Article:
Che Guevara is the Opiate of the Masses
Just a few years ago, his image was everywhere. These days, its still there, but its not “The T-Shirt” that everyone wears. But the film (or perhaps more accurately, films) that came out recently reminded me of an idea for a post I had a while back, and it goes like this….
Karl Marx famously wrote that “Religion is the Opiate of the Masses” in the last but one century. His ideas have since been taken and turned into a kind of religion, one he declared he didn’t believe in; he once said (and I haven’t the original to hand, so to paraphrase) “I’m not sure what a Marxist is, but I’m fairly sure I’m not one”.
I wonder whether Che Guevara might say much if it were possible to ask him about the T-Shirt wearing mob of fans he seems to have acquired. There are many reasons why one might find him attractive. Beyond his looks, one could cite his politics, and that in part he put Love back into Revolutionary Thinking, after years of absence at the hands of the Russians and others. There’s the utter addiction to celebrity which has occured during this time frame as well. But perhaps he is held up because he is dead, because he cannot dash our hopes and any threat of failure is now neutralised. He was a successful revolutionary, and therefore we wish to emulate him, no matter how unhelpful that might be.
A revolution should be a learning process. But sadly for many, its a chance to look backwards with bleary eyes and think variously “it’ll be like Russia 1917 all over again!”, “it’ll be like 1969 again” and “it’ll be like Mexico in 1994”. Its a trap all those attempting revolution fall into. But we must move along, develop new ideas and plans, and find new ways to change the world. People look backwards and see hope in the past. But even if the past might have conditioned us, it has no further power over us. The benefit of knowing about it should surely be to avoid its mistakes and to understand where we are now, not to try and recreate it in today’s world.
What Marx was definitely right about was this idea of Religion as a construct that needs to impose a historic message and hope of an indeterminably far-off future salvation/revolution being hugely distracting. If a Religion offers distractions, it can be described as an Opiate, given his social context in which Opiates are used to dull the pain of life, as they are, for instance, by many homeless people today. What is rather sad is that any number of things can also be described as an Opiate, despite their supposed message of imminent whole-sale improvement of life.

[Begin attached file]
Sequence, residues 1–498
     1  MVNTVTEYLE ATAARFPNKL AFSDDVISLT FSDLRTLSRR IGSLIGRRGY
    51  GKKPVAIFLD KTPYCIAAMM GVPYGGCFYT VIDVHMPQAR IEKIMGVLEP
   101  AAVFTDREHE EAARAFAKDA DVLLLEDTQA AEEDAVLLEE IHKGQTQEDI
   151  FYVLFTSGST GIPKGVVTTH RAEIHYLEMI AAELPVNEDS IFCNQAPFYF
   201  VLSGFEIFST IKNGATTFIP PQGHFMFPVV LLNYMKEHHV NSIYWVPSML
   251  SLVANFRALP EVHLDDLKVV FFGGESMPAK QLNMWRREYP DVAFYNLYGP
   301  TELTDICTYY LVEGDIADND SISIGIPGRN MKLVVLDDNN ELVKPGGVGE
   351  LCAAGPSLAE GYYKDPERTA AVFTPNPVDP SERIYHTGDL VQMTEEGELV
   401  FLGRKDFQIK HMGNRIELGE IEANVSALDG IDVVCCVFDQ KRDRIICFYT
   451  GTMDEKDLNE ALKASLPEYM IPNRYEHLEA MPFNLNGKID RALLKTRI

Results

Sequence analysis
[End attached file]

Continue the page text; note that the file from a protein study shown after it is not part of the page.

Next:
Of course, much of religion offers salvation through denial prior to death, something which encourages those with vested interests to place tough priests over all those they can, so that they can live in splendour, whilst everyone else suffers waiting for heaven. The promise of revolution at first seemed to get past this; you can’t hold down the poor forever. But in a sense, even this message of Revolution became a way for an elite, albeit a different elite, to hold people down.
And so we come to the T-Shirt wearing which coincided with much of the anti-globalisation rhetoric of the 90’s and early 20-hundreds. Shops were able to sell an image which represented something hugely appealing, historically largely undeniable, but which essentially distracted from the point entirely. Here is an image of revolution and freedom, but one who’s means have little to no bearing on the world facing those seeking to challenge globalisation. The same has come to be largely true of the Marxist organisations of the world; a pipe-dream continues, and people study the Communist Manifesto for signs of a coming Revolution in the exact way certain hugely-deluded Christians study the bible (particularly Revelations) for signs of the Second Coming.
If the communist manifesto offers us no relevant pathway to a better world because its starting conditions no longer exist, and thus the steps need rewriting (it was, after all, a pathway for a world which, by way of one example, appeared to be about to lose all vestige of a Peasantry), the T-Shirt offers us nothing but the hope of somehow recreating a situation we have little sign of. There is no practical pathway attached to the T-Shirt, and I suspect few, if any, wearers ever felt one existed. Instead, it becomes a source of relief from the troubles of the current order that even it’s bearers (or wearers) admit reflects a future hope that is so indeterminate as to be pointless.
Whether Christianity is in the same position or not is not the point i want to address here (though the program of the Sermon on the Mount would be a good place for such an argument to start out from). Instead, I want to point to the huge weapon of distraction that such an image as Che Guevara’s has come to convey. Suddenly, there’s a very real risk that we become so tied up in history that we aim to repeat it verbatim, rather than being radically critical of even the most radical historical events. A lecturer once stated complained to me that too many of my contemporaries wanted to study past revolutions when there were far more exciting real-and-present examples, and all I can wonder is whether even Cuba in 1959 must now belong to that list.